Tuesday, January 08, 2008

Eavesdropper Extraordinaire

In a previous post I mentioned that I recently passed the test and got my ham radio license. Having been assigned my callsign, the FCC now lets me use certain frequencies to talk to people. Neat. In order to pass the test, I needed to know how to use a ham radio, so I should be fine and having conversations with people all over the world, right? Right?

I finally decided to buy a ham radio. A nice thing about them is that you can get ham radios that do different things and cost different amounts of money. So if you want the best of the best, you can spend your $6000 or whatever, and get yourself a station that is really good. And you can transmit on lots of different frequencies and your signal is clear so people can hear you, and all that.

Or, back in the day, people used to make their own radios. Really, it's all just electronics, so if you know what you're doing, you can. And that works too. I just listened to a conversation about guys who used to make their own 160m antennas out of stacked beer cans. (You just drink the beer, stack the cans, and solder them together...) They said the reception wasn't excellent, but hey, it worked.

And then, if you're like me and just getting started, you can get a little handheld thing that looks like an intense walkie-talkie, and still talk to people but mostly nearby-ish. And not have to solder anything. Or pay thousands.

I had my eye on the IC-T90A, which has 3 bands for transmitting instead of just 1 or 2, and still looks supercute. Well, cute for a radio.

I'd been watching them online, and knew about what they were going for (about $200 on eBay), and was ready to buy one. I was watching the auction near closing and at 7 minutes before, I decided it was time to bid. I decided my first bid would be $185, and typed that in while I was talking to a customer on the phone for work. And I confirmed my bid, only to notice that I had absent-mindedly bid up to $785 for it. Because I had entered the 7 because of the 7 minutes left. I think my heart about stopped beating when I realized what I'd entered. If anyone tried to outbid me at all, I would automatically outbid them. I was buying the radio at ANY cost. The seven minutes ticked away, and someone made a wild bid to beat me. The price jumped about $100, but I definitely thwarted the guy's efforts to steal my auction during the last 6 seconds. I'm sure the other guy was surprised to lose. In the end, I got an average to not-excellent deal, and I was very thankful to not be paying $785.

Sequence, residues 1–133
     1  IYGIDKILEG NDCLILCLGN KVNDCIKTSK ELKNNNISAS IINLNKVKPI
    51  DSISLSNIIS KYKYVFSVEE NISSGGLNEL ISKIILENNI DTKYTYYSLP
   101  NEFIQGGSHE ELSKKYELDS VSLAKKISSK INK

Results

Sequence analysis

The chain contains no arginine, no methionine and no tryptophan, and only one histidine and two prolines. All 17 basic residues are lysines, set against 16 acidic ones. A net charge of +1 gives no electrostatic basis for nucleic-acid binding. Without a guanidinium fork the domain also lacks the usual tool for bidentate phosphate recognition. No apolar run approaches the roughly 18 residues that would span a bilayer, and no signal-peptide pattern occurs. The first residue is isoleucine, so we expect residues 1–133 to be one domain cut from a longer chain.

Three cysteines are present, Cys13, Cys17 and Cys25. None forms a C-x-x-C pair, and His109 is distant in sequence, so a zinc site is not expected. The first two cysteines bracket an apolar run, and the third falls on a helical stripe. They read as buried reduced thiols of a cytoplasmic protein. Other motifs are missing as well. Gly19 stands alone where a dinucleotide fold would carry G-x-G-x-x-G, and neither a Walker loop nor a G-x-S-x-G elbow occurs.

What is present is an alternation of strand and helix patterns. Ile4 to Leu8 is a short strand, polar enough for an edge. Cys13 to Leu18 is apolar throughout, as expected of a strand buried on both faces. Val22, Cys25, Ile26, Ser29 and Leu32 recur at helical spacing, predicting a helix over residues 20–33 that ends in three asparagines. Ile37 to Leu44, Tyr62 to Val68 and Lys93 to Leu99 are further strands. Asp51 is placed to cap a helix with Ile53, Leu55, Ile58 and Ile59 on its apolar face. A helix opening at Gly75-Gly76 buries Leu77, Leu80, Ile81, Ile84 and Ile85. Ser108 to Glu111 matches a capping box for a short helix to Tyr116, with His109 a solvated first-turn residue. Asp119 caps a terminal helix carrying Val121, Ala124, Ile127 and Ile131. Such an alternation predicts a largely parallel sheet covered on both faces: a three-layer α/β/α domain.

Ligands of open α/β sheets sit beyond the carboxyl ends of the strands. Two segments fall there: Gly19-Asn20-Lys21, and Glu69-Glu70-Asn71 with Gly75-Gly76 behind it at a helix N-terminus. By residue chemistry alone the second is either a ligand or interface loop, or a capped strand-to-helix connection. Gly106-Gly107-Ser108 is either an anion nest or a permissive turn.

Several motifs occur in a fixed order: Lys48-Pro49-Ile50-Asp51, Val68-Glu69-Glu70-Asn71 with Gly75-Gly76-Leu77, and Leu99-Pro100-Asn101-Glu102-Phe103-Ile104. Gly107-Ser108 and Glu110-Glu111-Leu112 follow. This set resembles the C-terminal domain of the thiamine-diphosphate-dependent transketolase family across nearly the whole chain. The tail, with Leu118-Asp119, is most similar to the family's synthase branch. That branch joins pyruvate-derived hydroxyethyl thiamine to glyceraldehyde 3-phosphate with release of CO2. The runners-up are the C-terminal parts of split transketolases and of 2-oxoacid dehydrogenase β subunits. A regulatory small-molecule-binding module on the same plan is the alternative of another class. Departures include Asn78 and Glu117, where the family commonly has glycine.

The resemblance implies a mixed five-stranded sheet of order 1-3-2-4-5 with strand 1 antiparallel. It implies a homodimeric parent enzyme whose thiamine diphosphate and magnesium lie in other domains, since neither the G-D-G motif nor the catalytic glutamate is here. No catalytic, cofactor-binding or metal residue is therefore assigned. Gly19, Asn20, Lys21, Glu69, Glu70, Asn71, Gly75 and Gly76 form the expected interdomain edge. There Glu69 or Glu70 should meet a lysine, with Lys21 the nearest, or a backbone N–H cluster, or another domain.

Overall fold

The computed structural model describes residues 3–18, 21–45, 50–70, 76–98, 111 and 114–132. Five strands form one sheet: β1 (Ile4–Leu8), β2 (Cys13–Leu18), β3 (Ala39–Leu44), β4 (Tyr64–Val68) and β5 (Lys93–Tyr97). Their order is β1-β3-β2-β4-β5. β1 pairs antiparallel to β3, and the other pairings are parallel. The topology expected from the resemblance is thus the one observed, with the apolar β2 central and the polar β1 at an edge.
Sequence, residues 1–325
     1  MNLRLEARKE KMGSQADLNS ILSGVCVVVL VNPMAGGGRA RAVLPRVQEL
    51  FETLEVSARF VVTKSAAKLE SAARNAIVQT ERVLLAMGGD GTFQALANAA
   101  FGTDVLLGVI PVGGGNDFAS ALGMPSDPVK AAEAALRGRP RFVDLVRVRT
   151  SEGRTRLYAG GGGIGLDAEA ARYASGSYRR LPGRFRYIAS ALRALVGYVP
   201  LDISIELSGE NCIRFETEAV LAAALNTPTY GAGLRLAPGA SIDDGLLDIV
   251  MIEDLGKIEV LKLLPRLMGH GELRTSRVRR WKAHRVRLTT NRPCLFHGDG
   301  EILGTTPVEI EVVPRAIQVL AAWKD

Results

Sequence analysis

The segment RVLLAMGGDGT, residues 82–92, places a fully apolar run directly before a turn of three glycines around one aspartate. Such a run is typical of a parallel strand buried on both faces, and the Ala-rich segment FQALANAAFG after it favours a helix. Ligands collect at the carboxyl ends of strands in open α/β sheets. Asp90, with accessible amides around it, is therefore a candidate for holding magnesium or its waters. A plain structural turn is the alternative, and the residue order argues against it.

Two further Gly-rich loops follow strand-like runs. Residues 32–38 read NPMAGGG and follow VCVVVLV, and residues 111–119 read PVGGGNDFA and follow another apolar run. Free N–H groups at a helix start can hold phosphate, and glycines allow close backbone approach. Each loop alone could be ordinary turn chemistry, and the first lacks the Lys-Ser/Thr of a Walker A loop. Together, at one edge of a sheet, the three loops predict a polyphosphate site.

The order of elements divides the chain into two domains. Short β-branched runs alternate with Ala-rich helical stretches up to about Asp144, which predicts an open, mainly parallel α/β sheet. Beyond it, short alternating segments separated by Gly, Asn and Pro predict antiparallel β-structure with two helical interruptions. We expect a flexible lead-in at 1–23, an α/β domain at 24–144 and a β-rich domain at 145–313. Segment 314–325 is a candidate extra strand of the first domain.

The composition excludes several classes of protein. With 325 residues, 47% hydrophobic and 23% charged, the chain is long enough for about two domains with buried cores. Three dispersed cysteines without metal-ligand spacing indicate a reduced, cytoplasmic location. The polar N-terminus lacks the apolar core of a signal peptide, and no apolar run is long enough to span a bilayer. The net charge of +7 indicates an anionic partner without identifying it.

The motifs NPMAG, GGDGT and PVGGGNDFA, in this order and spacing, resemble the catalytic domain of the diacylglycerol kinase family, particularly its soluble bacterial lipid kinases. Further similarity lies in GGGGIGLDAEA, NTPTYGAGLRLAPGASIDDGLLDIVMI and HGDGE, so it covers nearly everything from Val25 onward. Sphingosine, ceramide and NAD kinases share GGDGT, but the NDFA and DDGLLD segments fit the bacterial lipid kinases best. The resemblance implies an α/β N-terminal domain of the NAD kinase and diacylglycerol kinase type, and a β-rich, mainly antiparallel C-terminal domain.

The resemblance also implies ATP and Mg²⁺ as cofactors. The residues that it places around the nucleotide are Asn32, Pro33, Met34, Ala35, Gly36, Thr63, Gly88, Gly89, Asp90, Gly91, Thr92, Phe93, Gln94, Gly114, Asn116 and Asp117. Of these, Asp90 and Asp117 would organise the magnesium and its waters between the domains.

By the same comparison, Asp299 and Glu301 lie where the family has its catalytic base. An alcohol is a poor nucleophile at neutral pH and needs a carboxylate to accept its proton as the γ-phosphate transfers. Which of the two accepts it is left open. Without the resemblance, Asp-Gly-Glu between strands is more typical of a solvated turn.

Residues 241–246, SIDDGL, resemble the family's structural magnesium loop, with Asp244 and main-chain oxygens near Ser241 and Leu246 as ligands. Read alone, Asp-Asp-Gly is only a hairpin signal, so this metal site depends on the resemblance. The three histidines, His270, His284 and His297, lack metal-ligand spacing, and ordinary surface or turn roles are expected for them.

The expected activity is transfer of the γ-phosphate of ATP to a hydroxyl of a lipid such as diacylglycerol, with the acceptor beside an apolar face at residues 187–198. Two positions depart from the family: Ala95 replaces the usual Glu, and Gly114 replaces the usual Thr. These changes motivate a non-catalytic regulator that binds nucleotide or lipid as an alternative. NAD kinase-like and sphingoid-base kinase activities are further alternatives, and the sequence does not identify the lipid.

So I won my radio.

And they shipped it quickly, and now I have my radio. And at first I couldn't find anything to listen to, except the Provo Airport and some TV stations.

Buuut I figured it out. Now, a few times a day, I scan the 2 meter band and listen to random people's conversations. The thing is, having never seen anyone else ever use a ham radio, I'm sort of afraid of messing up. Even though I have my license, I feel kind of like someone had handed me a book, Surgery for Dummies, and then after I'd shown reasonable proficiency they handed me a white coat and scalpel and pointed me to the emergency room. Obviously this radio stuff isn't a matter of life and death, but I'm just not quite sure about the practical application of everything.

So for now, I'm listening. I think that after I hear someone actually initiate a conversation then I'll try. So far I've just found middles and ends of conversations.

And with ham radio, everyone knows that people are listening. There are rules about what you can say on the radio because everyone knows that people are listening. (Like, you can't say someone's medical condition, even in an emergency, etc.) Also, I sometimes hear conversations where partway through someone else joins in, and they're like "I'm here listening too" and their friends are happy about it. So eavesdropping is normal with this stuff.

Here are some things that I've heard people talking about:
- Issues with wood from forests.
- Issues with routers. (Actually, this was funny. It was two old guys, and one was like, "We bought my wife a laptop to use for writing. And she hasn't touched it in six months. So I started using it and she said "I was going to use that." And I said "Well! Use it!" She hadn't touched it in six months and then when I pull it out that's when she wants to use it...")
- Discussion about third degree burns.
- An interesting club officer meeting where they talked about trips they were thinking of doing and fundraising activities, among other things.
- Several conversations about weather or driving conditions.
- Many morse code transmissions, which I definitely don't understand.

But my favorite thing I've listened to so far, absolutely was something I found Sunday evening. It was called "This week in Amateur Radio" and it was a 1 hour news program with different reports and stories and stuff. It was awesome. I felt like I was back in the 1940s or whenever, sitting in front of the radio, listening to the program.

Anyway, The End. (I'll share exciting stories of people that I talk to when I actually start talking to people.)


Thirdmango said...

Ham radio stuff has been one of my dreams since I was a kid, seeing that it's possible like this I may end up doing it when I get a job. :)

L'Afro said...

My heart almost stopped for you. $785 could buy a messload of candy bars.